The evolution of the burqa

Mohammad Qadeer is a Professor Emeritus of Queen’s University, Kingston and a Fellow of Joint Centre of Excellence for Research on Immigration and Settlement, Toronto, Canada

The Evolution Of The Burqa

Mohammad Qadeer

March 23, 2002

he Burqa is not the Taliban’s invention. This tent-like cloak that completely drapes a woman’s body and face, with only a crocheted screen as an eye-piece, has been worn by women to go out in public for almost a century or more in Afghanistan, Pakistan, India, Bangladesh and parts of the Arabian peninsula. It literally draws a curtain around a woman and allows her to move about outside the family compound, while conforming to the religious-cultural custom of remaining secluded from men. The Taliban enforced its use as a law, contrary to traditions, and thus turned this very photogenic object into a symbol of their oppression and foolishness.

The Afghan Burqa conjures up the image of a Halloween ghost. A group of Afghan women in Burqa, a la movie Khandahar, make a mind-blowing picture for the western public. Liberating Afghan women from the Burqa was a sub-text of the war against the Taliban. Although some Afghan women have discarded the Burqa, after the fall of Taliban, an overwhelming majority continue to wear it as a matter of choice and social norm. So far the Burqa has survived the American bombing and the NGOs onslaught. International activists for women’s rights have been disappointed, and are now silent, by the mass of Afghan women continuing to wear Burqas.Yet the Burqa as a cultural artifact is evolving and changing. It has taken many new forms mostly in the neighbouring sub-continent.

I grew up surrounded by women wearing Burqas. In the British-ruled Lahore (a big city in Pakistan) of the 1940s, almost every middle class Muslim woman wore what is now the Afghan Burqa. My mother and aunts went for shopping, movies and picnics wearing Burqas.They would have been shocked to show their faces to men who were strangers. As women grew old, they often took off the Burqa, replacing it with a thick cotton shawl (Chadour) loosely wrapped around the head and shoulders, with the face left open.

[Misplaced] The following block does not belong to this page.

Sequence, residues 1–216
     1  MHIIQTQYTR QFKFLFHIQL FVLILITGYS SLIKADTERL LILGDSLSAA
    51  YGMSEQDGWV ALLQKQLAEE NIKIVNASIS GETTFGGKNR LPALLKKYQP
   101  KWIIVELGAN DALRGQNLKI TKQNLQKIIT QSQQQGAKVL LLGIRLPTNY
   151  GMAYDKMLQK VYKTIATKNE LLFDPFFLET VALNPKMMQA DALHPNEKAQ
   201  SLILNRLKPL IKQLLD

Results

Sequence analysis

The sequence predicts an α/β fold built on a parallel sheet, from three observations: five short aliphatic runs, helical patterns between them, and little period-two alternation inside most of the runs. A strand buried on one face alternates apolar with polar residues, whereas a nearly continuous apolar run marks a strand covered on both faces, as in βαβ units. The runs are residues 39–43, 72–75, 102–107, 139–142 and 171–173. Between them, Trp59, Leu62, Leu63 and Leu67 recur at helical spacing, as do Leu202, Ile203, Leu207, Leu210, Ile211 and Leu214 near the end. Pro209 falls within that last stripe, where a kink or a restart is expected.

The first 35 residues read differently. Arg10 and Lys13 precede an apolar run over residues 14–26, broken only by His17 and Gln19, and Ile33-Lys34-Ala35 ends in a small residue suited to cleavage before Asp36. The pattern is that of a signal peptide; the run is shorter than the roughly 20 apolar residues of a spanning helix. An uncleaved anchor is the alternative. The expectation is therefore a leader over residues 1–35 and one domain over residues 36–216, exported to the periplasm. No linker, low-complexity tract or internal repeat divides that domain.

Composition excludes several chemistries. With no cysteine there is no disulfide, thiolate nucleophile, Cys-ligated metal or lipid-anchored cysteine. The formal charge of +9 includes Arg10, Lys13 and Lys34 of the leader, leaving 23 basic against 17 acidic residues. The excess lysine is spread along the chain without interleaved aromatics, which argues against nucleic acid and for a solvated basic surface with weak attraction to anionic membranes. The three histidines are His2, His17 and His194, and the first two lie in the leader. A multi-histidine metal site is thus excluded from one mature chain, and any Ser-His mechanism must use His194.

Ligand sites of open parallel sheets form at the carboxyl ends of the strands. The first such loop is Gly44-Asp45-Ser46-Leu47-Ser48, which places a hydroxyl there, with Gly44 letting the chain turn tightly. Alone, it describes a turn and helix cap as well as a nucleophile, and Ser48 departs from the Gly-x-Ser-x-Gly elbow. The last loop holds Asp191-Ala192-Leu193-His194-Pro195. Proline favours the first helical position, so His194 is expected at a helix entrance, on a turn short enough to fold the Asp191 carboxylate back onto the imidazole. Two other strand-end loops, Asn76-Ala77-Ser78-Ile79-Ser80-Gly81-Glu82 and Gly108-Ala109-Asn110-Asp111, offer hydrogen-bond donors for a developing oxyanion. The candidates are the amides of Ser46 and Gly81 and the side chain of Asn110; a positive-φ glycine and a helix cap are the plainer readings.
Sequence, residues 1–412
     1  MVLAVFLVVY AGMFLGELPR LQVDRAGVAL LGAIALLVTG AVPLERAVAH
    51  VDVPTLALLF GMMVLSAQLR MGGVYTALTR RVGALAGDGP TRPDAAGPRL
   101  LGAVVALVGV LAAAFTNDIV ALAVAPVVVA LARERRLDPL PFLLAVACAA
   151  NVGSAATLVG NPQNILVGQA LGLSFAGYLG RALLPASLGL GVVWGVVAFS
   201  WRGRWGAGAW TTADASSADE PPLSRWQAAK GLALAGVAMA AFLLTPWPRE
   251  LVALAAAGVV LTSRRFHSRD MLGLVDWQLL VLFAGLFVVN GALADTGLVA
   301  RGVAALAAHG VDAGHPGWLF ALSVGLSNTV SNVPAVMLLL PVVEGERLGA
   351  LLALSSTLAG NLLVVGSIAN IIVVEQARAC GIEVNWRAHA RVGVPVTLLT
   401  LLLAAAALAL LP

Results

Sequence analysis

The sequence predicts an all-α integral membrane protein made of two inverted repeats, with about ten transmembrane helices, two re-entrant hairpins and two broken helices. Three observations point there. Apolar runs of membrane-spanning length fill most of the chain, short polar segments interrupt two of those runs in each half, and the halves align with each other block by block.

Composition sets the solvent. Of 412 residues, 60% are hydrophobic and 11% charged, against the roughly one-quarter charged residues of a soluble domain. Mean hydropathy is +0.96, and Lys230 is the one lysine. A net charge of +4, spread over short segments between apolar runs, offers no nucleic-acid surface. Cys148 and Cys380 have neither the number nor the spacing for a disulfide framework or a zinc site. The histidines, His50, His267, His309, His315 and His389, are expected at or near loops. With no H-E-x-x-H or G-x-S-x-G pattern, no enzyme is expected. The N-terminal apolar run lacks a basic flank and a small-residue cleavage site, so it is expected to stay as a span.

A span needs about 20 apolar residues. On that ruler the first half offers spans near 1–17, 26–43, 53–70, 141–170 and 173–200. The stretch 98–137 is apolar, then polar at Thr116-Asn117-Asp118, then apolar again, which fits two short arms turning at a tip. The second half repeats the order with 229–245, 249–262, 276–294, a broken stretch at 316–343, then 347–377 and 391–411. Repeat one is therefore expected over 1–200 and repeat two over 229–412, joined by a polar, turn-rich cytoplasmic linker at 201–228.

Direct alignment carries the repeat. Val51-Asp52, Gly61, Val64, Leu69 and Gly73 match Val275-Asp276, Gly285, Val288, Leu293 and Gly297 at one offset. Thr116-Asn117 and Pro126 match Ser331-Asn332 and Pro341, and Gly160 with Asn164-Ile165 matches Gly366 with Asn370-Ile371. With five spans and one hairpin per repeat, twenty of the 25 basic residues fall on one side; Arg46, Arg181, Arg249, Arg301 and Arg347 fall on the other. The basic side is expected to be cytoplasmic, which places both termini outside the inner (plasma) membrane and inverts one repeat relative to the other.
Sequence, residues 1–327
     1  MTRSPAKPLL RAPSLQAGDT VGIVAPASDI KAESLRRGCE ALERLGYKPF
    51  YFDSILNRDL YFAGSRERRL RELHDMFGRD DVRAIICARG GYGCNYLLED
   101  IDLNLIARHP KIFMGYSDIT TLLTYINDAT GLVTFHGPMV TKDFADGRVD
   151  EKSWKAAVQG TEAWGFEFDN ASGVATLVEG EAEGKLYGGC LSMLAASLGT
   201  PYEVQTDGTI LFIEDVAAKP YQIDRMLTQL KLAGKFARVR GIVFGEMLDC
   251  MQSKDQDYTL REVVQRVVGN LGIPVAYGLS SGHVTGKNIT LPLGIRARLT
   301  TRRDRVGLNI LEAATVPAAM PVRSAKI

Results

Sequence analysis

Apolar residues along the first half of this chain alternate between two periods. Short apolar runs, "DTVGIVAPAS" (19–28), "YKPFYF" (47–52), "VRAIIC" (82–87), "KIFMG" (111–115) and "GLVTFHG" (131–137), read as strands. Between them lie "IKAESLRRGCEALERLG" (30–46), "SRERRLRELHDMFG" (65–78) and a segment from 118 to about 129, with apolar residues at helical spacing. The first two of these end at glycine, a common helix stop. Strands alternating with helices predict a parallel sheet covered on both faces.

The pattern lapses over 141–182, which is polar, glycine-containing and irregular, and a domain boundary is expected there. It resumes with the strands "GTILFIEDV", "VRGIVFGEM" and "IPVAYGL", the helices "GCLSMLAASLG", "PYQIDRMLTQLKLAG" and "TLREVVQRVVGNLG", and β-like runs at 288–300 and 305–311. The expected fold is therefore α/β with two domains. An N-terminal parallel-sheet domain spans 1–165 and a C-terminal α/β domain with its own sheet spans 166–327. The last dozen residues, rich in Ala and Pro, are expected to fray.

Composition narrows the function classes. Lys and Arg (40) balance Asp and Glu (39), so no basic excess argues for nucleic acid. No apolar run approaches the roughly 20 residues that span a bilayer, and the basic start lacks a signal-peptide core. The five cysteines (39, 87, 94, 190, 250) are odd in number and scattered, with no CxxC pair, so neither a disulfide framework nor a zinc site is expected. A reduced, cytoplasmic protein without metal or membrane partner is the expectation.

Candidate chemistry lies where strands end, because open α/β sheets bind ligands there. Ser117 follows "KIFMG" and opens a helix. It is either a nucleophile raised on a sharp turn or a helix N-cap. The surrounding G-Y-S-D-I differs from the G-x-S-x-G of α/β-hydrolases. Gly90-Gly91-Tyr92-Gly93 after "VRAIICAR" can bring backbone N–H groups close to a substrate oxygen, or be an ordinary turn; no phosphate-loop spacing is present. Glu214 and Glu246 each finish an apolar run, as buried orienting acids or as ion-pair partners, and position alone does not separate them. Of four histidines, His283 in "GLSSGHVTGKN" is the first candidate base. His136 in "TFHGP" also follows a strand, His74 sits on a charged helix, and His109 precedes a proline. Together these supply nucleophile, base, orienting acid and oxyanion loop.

The Burqa was a mark of respectability.Women who worked along- side their men in fields, shops and domestic settings, did not wear it. These women, numerically a majority of the population, wore the Chadour but generally stayed aloof from men who were not relatives. The Burqa was both expensive and obstructive for them.

When a family rose on the social scale, e.g. sons/ daughters became clerks, teachers, mechanics etc, or husbands /fathers were successful in business, its women started donning the Burqa. It was a symbol of their newly gained social status and class. At the top of the social ladder, the custom was different again. The women of rich and modern families, wives and daughters of political

leaders, military commanders, senior civil servants and corporate executives, for example, went about in shawls and scarves without covering their bodies or faces. The Burqa was scarce among the families of the rich and modern. Almost similar social dynamics operated in Afghanistan before the Taliban.